The rumours still abound this weekend that Brawn will join McLaren/Honda sooner rather than later and a high level of credence has been attributed to Martin Whitmarsh’s comments in Korea that recruitment aplenty was happening in Woking, but “there are some as-yet unannounced, that will be headline-grabbing when they get announced.

McLaren were gleeful in Japan when briefing on their current Red Bull coup – having prised away Red Bull’s aerodynamics chief Peter Prodromou.

On the subject of technical staff recruitment, Jonathan Neale is adamant, “This is not something isolated. There are other things we are going to do to strengthen the team. It’s a series of things aimed at 2015 and Honda, to ensure we are on the road to victory.

Christian Horner was questioned about Prodromou leaving for McLaren and responded, “Peter is a valued member of the team, he is making a valuable contribution. We have got tremendous strength in team within the team.

The content of any contract obviously is confidential but the duration of his contract runs for quite a while yet. We’re certainly in no rush to release him early and he will be with the team until the end of his existing agreement.”

Horner was then questioned whether Prodromou would be allowed to work right up to the point when he leaves for McLaren. He replied, Well that’s what he did with McLaren before he came to us.”

This was a politically correct answer because as Mr. Saward suggests today, “The Red Bullies are trying to make out that Prodromou cannot start at Woking until 2015. That is pure bull.

It is a magnificent irony, but no F1 aerodynamicist can be kept out of the market for more than six months because that would affect their ability to work in F1. That ruling dates back about 15 years to when a Mr Newey applied to the court in order to escape from Williams to work with McLaren”.

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Maldonado Madness Re-Materialises

Maldonado said last week he was unhappy with the Williams effort, and his driving in Japan appears to bear out he feels under pressure. He has been criticised by his team mate Bottas for the move he pulled towards on the last lap of the race,

Speaking about the incident at the final chicane Bottas states, “There was no space on the track. It was not fair. If I hadn’t gone straight on we’d have crashed. Racing shouldn’t be like that.”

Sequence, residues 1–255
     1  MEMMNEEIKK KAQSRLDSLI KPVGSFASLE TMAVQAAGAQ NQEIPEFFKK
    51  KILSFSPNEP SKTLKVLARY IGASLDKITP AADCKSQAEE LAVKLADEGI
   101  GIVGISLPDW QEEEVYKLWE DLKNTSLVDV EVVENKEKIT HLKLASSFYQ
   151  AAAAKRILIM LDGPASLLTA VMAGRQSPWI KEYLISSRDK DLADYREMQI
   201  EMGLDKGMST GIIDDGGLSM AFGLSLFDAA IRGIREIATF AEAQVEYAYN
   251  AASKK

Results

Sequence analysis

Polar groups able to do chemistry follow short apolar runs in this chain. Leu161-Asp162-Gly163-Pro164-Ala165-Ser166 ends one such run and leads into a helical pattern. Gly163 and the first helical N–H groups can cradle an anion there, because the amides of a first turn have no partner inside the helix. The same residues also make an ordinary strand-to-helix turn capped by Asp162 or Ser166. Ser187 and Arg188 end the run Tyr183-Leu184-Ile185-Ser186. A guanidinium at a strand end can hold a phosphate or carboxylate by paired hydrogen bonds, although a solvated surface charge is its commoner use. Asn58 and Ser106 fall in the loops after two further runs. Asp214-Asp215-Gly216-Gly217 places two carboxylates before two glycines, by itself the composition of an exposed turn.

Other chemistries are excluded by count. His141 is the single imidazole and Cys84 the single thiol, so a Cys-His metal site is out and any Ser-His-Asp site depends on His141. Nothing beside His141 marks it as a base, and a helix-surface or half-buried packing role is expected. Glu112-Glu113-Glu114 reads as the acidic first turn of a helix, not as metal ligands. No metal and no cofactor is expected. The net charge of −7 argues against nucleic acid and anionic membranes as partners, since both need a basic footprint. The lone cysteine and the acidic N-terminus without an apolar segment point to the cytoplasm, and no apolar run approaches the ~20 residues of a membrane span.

Maldonado unsurprisingly sees matters differently and criticised the team for the race strategy. “I got the position. I was faster than him but the strategy on my car was completely wrong.” Maldonado ran a 2 stop race as did Valterri. He continued, “We got 100 percent from the car. It’s not making a big difference [fighting for 16th place] but when you are a racer you always want to take a position from the other drivers.”

Mmm. If fighting for 16th is no big deal, why risk such a move on the last lap against your team mate – the person you least should want to collide with?

Claire Williams confirmed that the incident is to be reviewed.

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Abu Dhabi sell out

3 weeks before the race, the Gulf News reports that the race promoters of the Abu Dhabi GP have a mere 2,500 tickets left for sale. The circuit has five grandstand areas – Main Grandstand, West Grandstand, North Grandstand, South Grandstand and Marina Grandstand (aka Support) and has a crowd capacity of 41,093.

There are no tickets for sale as General Admission, and prices begin at over 400 euro’s for the least expensive of seats.

In a slightly confusing statement, Richard Cregan, CEO of Yas Marina Circuit, said. “With fewer than three weeks to go and only one more race before the teams arrive in Abu Dhabi, the excitement is building, We’re expecting more fans than ever before this year. As we look forward to another sell-out event, we encourage customers to book their tickets as soon as they can.”